6. The second problem related to the description given of the revised sentence imposed by the Court of Appeal which is to be found in the notice of application for leave filed in this Court. That description is also inaccurate. However, it is inaccurate in a different way to the error in the original written order of the Court of Appeal as perfected. In reality there were, therefore, three versions of the sentence actually imposed by the Court of Appeal. The first was the new sentence actually pronounced by the Court of Appeal when giving oral judgment. The second was the erroneous written order made up which did not reflect what had been said in court. The third was a yet further different version of the sentence which was included in the D.P.P.’s application to this Court but which was also at variance (but in a different way to the court order) with what had been pronounced in the open court.
7. The Court draws attention to these matters for the purposes of emphasising that the clear intent both of the legislation and of the rules of court is that it should be possible in the vast majority of cases for this Court to consider a leave application on paper and without the need of an oral hearing. Indeed, it would be counter-productive to one of the principal benefits which was anticipated to flow from the introduction of a Court of Appeal if there had to be a significant oral hearing in respect of every application for leave to appeal. The effect of such a procedure would be to replace one aspect of the problems which this Court encountered prior to the establishment of the Court of Appeal (being the fact that the Court had to deal with a large number of routine appeals) with another problem (being that the Court would have to deal with a large number of significant oral hearings on the question of leave).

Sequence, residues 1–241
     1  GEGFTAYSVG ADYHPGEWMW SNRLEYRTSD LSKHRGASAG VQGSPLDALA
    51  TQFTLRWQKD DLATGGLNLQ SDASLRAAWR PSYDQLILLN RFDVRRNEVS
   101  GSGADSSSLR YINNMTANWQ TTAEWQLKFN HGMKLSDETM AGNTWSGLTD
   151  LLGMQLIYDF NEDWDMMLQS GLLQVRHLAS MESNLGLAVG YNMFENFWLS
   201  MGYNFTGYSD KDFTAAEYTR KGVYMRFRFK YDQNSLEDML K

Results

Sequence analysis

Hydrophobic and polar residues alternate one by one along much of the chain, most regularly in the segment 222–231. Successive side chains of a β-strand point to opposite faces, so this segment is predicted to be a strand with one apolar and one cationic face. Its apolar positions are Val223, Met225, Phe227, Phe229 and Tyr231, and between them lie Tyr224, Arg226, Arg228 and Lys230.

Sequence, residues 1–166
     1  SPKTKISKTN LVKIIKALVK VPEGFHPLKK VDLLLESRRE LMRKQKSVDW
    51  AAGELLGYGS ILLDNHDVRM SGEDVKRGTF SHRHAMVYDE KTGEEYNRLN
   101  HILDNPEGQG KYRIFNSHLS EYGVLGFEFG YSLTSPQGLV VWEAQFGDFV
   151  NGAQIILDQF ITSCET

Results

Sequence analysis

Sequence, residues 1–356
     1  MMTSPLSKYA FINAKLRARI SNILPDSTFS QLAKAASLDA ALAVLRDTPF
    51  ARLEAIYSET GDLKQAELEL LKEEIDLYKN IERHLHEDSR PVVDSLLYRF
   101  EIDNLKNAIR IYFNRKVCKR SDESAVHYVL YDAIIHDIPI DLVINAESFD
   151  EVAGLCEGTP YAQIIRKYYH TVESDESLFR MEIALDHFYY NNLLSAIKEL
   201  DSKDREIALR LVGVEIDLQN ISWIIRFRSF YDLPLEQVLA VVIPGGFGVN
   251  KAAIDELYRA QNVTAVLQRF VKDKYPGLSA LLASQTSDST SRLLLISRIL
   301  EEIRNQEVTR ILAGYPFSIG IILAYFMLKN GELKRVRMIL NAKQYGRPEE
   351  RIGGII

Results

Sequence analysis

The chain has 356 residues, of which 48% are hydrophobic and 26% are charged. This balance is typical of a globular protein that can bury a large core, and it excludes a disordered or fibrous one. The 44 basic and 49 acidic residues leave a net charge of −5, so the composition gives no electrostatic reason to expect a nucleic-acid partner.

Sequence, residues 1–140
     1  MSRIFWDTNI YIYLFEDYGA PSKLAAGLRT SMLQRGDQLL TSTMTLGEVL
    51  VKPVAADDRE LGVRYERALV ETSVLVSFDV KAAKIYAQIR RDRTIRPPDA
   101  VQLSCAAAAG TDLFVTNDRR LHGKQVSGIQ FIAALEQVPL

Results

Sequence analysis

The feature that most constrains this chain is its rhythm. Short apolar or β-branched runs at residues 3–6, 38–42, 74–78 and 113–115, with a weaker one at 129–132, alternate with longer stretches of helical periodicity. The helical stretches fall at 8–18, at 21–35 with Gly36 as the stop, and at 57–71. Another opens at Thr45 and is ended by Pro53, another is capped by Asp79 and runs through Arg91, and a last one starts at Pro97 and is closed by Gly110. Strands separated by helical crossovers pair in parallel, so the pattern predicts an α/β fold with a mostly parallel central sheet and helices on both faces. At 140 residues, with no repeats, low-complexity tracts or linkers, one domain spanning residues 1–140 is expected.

8. It follows that there is a significant duty on parties and their advisors to ensure that the papers filed on a leave application are correct. What the Court was faced with in this case were the conflicting descriptions of the new sentence imposed by the Court of Appeal as and between the body of the notice of application prepared by the D.P.P. and the court order included in those papers. It was in an attempt to bring some clarity to that situation that the Court directed an oral hearing in this case. In the light of the confusion caused by that unexplained inconsistency the Court was not, on the basis of the papers filed, able properly to understand some of the real issues which were sought to be raised.
9. It has to be said that it was with some considerable surprise that the Court learned, at the oral hearing, that in fact neither of the versions of the new sentence which had been given in the papers were correct but that there was a third version being the actual sentence imposed in open court by the Court of Appeal. That sentence (which is, of course, the correct version) can be found in a transcript of the hearing before the Court of Appeal which was made available to this Court. It differed from both of the versions which had been included in the papers. The issue now has been remedied with the filing of an amended notice of application which accurately records the decision of the Court of Appeal together with the filing of a new written order of the Court of Appeal which has been amended to bring it into conformity with what the Court actually directed. It is now possible for the Court to consider the application for leave on its merits. However, it should be strongly emphasised that the problems which the court has sought to set out made this process significantly more protracted and difficult than it ought to have been and gave rise to an oral hearing which ought not to have been necessary. The Court will return to that question when it has dealt with the merits of the leave application.